Split is reported within the Liberia Health Workers Association over whether or not to resume work following the signing of a Memorandum of Understanding between it and Health Ministry last weekend in Monrovia.
A huge number of striking workers, mostly in the rural areas, have vow not to return to work until there is amicable settlement to their demand for full employment, better salaries and incentives.
The defiant workers spokesman, Emmanuel Suah told a local radio station (the Liberia Women Democracy Radio) that most of them will not go back to work unless there is a better resolution to their demand.
He said there is a huge salary disparity between nurses and doctors at various hospitals and clinics throughout the country, which need to be resolved properly before going back to work sooner of not later.
Suah claimed that doctor(s) were earning US$1,000.00 per month, while nurses US$130.00, which is a huge disparity and an abuse against them (health workers/nurses).
He continued: “We took oath to save lives, but not to the detriment of our children and ourselves to the extent that we should not be treated like live slaves in our own country where corruption has become order of the day”.
“The incomes of nurses compare to doctors are very low in Liberia to the extent it cannot sustain you and your family. Nurses have no resting time, but are on call 24/7 per week, and we are not making what we deserved,” Suah stated.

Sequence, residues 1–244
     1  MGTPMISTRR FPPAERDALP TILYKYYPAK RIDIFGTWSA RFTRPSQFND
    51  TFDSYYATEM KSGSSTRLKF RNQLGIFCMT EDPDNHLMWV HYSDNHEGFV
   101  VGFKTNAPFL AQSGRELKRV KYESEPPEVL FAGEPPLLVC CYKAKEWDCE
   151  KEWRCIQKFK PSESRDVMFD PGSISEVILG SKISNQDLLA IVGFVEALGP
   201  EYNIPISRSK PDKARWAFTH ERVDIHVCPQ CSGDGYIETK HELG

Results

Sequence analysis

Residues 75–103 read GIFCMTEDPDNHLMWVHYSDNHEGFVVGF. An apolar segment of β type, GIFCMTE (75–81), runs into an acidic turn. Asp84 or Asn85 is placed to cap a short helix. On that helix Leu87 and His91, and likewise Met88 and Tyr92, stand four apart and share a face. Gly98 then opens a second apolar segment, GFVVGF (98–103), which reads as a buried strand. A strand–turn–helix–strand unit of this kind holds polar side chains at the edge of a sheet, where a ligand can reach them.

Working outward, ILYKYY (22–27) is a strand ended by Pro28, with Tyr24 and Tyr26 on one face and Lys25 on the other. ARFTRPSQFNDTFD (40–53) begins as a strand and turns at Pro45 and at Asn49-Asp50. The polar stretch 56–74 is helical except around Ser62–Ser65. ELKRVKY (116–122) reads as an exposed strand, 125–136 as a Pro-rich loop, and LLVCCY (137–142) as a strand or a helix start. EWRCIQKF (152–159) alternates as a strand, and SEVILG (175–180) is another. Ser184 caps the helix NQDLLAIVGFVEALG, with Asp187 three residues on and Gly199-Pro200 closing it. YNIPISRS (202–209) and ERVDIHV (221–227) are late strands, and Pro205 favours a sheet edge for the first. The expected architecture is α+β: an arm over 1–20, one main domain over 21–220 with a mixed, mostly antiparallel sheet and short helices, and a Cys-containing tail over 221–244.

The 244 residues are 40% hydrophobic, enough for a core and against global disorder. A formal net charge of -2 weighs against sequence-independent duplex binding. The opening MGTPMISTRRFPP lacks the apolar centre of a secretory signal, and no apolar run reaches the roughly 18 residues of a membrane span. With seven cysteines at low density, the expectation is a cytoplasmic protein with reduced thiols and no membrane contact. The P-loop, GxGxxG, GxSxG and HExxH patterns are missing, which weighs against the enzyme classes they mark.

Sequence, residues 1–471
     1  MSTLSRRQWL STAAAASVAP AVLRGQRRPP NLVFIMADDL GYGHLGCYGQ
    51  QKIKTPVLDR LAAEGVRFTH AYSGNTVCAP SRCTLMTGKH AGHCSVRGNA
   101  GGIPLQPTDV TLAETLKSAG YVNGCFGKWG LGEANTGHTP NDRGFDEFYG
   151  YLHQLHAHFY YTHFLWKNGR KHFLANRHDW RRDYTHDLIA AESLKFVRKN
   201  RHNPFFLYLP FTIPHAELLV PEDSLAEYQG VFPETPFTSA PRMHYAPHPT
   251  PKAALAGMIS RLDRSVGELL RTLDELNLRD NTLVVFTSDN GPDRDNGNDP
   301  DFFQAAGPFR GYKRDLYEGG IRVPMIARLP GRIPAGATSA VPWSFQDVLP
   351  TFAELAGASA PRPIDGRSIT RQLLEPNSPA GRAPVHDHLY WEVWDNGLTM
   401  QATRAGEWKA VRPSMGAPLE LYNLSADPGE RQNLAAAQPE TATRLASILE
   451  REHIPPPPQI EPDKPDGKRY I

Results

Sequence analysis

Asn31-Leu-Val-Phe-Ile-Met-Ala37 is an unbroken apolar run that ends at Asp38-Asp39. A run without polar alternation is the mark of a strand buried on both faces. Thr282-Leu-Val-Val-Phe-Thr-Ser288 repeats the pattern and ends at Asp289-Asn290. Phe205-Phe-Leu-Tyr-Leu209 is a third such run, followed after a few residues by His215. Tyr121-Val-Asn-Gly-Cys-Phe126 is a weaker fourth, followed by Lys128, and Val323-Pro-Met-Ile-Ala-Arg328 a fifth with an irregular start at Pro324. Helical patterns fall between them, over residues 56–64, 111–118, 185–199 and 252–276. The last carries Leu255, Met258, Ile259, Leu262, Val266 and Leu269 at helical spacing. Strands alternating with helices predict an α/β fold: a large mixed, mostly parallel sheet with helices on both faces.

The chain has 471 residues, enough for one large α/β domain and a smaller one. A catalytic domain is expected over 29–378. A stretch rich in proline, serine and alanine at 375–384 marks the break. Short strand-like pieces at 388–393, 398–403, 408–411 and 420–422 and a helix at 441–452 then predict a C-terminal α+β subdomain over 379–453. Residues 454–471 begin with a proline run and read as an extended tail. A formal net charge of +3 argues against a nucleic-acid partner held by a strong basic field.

Last week, the Health Ministry and Health Workers Association reached an MOU (Memorandum of Understanding) following the intervention of civil society organizations with an appeal to resume work. Health Minister Walter Gwenigale and Joseph Tamba, Head of the Health Workers signed the document for their respective institutions.
The instrument was the initial step intended to ease tension in the country due to the health workers abandonment of assignments. This Wednesday, a formal agreement which supersede the MOU is expected to be signed in Monrovia, committing both parties to important issues.